But so far, special election results are one of the better indicators for Democrats’ prospects in 2022. In the six U.S. House special elections that took place in 2021, Democrats overperformed in three, while Republicans overperformed in two (the sixth didn’t have a significant over- or underperformance). Moreover, the average margins in these special elections were not that different from the average partisan leans of these districts, which suggests Republicans aren’t overperforming in the same way Democrats did in 2018.

2021 special elections haven’t told us much

How the final vote-share margins in federal special elections in the 2022 cycle compare with the seats’ FiveThirtyEight partisan leans

Date Seat Partisan Lean Vote Margin Margin Swing
March 20 Louisiana 2nd* D+51 D+66 D+15
March 20 Louisiana 5th* R+31 R+45 R+13
May 1 Texas 6th* R+11 R+25 R+14
June 1 New Mexico 1st D+18 D+25 D+7
Nov. 2 Ohio 11th D+57 D+58 EVEN
Nov. 2 Ohio 15th R+19 R+17 D+2
Average D+11 D+10 EVEN

Partisan lean is the average margin difference between how a state or district votes and how the country votes overall. This version of partisan lean, meant to be used for congressional and gubernatorial elections, is calculated as 50 percent the state or district’s lean relative to the nation in the most recent presidential election, 25 percent its relative lean in the second-most-recent presidential election and 25 percent a custom state-legislative lean.

*Top-two primaries: Vote margin is the total vote share of all Democratic candidates combined minus the total vote share of all Republican candidates combined.

Source: State election offices

But remember, special election results — like all the indicators in this article — are only approximate guideposts. And a midterm outcome of, say, R+5 or D+5 would still be perfectly consistent with these special election results. In other words, special elections aren’t telling us much at the moment. Maybe we’ll learn more from them in 2022; we are expecting at least two more federal special elections this year (in Florida’s 20th District on Jan. 11, and in California’s 22nd District sometime after that), and more could yet be added to the calendar.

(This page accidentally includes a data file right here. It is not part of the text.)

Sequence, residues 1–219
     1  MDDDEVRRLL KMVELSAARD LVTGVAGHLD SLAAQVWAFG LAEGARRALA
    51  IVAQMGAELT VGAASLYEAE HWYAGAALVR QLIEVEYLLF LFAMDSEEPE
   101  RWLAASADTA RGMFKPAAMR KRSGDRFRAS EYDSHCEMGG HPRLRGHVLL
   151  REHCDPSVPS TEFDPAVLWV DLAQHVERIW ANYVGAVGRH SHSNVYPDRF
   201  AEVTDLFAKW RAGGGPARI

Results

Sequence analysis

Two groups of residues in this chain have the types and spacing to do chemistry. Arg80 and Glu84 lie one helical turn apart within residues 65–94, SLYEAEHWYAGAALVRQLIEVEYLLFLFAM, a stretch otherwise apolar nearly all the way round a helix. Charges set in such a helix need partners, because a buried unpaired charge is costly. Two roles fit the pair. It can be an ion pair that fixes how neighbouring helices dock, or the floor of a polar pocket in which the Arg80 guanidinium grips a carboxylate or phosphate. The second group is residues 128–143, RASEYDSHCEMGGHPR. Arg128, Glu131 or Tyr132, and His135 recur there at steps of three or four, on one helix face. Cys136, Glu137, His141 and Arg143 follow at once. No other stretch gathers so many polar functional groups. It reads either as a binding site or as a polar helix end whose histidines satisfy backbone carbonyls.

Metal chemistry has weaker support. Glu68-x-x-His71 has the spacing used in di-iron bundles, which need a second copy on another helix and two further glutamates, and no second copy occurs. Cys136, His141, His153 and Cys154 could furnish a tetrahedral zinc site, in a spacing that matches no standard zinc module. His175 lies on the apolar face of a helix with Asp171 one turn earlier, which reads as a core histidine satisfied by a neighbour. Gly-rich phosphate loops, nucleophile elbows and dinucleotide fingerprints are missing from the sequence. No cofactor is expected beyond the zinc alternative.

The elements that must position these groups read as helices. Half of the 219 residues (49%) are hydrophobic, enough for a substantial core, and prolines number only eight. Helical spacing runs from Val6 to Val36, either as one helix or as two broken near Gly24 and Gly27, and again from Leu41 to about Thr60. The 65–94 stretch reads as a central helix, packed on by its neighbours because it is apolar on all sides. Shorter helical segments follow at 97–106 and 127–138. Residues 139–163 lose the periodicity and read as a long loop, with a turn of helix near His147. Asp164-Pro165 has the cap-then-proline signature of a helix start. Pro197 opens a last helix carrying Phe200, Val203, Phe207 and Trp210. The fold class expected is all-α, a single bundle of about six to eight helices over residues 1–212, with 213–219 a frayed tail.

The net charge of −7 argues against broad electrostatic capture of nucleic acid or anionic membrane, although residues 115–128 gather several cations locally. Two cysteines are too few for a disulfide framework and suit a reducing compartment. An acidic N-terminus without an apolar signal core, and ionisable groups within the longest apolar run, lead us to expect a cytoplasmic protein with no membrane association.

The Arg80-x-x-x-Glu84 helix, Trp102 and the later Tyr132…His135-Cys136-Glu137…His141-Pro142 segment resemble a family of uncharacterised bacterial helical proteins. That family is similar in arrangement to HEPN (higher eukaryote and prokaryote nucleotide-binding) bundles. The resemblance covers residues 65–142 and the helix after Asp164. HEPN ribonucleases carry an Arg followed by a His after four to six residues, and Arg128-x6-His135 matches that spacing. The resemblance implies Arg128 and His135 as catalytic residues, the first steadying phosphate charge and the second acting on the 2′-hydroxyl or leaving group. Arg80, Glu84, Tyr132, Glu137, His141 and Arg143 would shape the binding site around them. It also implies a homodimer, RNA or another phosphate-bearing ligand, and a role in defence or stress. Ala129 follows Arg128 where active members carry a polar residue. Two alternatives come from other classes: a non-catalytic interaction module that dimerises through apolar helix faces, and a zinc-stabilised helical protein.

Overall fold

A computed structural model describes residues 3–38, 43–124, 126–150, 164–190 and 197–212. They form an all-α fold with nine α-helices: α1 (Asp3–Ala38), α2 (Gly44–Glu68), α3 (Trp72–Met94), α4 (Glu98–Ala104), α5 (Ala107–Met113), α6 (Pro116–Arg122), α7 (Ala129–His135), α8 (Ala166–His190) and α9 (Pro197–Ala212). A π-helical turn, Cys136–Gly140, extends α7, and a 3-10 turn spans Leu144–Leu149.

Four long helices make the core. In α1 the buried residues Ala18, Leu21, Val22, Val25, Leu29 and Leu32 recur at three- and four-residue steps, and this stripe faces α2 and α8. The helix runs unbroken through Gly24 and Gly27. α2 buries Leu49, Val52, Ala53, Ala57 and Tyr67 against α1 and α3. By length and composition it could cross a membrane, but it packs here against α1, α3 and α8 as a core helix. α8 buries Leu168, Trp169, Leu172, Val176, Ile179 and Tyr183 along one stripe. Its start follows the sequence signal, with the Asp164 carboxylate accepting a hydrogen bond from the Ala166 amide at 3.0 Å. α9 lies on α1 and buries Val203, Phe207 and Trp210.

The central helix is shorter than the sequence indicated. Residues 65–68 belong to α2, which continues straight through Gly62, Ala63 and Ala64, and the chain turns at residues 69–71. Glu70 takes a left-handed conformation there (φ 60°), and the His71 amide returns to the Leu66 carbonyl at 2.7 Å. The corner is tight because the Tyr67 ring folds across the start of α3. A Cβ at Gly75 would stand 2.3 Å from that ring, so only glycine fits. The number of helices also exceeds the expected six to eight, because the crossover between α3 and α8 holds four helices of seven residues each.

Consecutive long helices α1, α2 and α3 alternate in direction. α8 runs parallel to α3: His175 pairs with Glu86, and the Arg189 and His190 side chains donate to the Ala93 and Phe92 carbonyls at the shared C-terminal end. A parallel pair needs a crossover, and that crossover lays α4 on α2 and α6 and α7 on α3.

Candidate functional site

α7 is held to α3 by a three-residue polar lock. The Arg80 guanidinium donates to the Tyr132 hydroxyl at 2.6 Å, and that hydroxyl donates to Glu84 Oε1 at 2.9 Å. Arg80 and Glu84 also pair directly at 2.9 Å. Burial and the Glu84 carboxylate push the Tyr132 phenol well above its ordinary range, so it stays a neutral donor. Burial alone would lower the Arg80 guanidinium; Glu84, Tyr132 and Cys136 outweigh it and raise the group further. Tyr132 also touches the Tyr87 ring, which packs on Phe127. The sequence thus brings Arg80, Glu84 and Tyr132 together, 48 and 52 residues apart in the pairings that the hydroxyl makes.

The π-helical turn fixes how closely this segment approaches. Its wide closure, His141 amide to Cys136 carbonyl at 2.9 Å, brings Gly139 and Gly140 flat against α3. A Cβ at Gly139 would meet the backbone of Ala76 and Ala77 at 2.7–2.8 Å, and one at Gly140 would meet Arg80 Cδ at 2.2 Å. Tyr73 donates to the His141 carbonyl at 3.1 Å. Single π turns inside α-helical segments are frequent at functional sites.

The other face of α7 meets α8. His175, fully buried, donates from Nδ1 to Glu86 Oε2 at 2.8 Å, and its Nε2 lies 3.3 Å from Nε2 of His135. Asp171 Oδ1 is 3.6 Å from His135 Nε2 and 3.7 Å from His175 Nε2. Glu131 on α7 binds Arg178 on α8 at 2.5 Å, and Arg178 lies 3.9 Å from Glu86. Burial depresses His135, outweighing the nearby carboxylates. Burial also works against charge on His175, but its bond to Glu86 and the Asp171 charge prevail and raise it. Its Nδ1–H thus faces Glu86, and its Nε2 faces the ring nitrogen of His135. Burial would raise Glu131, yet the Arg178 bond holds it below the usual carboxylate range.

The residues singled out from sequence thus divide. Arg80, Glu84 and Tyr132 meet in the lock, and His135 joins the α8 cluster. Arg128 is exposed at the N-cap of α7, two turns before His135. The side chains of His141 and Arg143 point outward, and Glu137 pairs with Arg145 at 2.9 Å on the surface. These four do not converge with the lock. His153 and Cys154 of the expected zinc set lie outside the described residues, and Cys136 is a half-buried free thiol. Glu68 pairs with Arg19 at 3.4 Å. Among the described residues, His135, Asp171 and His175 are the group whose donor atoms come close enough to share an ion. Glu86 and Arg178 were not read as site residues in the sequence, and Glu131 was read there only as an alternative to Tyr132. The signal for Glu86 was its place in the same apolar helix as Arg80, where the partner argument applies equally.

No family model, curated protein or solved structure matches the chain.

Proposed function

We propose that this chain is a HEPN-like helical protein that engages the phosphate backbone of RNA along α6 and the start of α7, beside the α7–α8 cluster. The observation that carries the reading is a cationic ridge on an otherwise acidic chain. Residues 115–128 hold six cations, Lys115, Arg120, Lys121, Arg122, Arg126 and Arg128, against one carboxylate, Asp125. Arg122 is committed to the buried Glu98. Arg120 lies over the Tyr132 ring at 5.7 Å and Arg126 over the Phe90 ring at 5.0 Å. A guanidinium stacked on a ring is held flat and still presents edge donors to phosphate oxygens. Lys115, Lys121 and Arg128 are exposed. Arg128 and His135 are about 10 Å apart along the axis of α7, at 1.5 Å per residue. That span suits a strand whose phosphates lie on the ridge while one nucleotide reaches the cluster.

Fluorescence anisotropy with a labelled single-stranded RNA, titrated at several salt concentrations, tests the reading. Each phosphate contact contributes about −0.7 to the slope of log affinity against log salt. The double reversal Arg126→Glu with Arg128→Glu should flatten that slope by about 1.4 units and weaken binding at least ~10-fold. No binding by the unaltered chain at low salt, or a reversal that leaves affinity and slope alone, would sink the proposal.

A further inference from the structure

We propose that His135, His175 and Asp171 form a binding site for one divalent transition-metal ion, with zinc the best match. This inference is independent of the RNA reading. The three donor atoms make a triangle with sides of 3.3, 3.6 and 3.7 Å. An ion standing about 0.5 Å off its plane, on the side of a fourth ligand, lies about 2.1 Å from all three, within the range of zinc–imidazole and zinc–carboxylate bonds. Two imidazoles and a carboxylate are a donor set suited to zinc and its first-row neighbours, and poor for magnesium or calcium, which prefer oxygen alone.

Individual election polls

As we get closer to the midterms, race-specific polls will become one of the best indicators of who will win specific elections. Senate and gubernatorial polls conducted within three weeks of Election Day have had a weighted-average error of 5.4 points since 1998, while House polls have been almost as accurate, with a weighted-average error of 6.3 points.6 (And remember, a poll’s “error” is the difference between its margin and the actual election margin. So if a poll said the Republican would win by 10 points but they win by 6 points instead, the poll had a 4-point error.)

General election polls are usually pretty accurate

Weighted-average error of polls in the final 21 days before different types of elections, among polls in FiveThirtyEight’s pollster-ratings database

Cycle Governor U.S. Senate U.S. House
1998 8.1 7.5 7.1
1999-2000 4.9 6.0 4.4
2001-02 5.3 5.4 5.4
2003-04 5.4 5.3 5.8
2005-06 5.1 5.2 6.5
2007-08 4.4 4.6 5.8
2009-10 4.7 5.0 7.0
2011-12 4.9 4.7 5.6
2013-14 4.5 5.3 6.8
2015-16 5.4 5.0 5.5
2017-18 5.1 4.2 5.1
2019-20 6.4 5.9 6.4
All years 5.4 5.4 6.3

Pollsters that are banned by FiveThirtyEight are not included in the averages. So as not to give a more prolific pollster too much influence over the average, polls are weighted by one over the square root of the number of polls each pollster conducted in a specific category.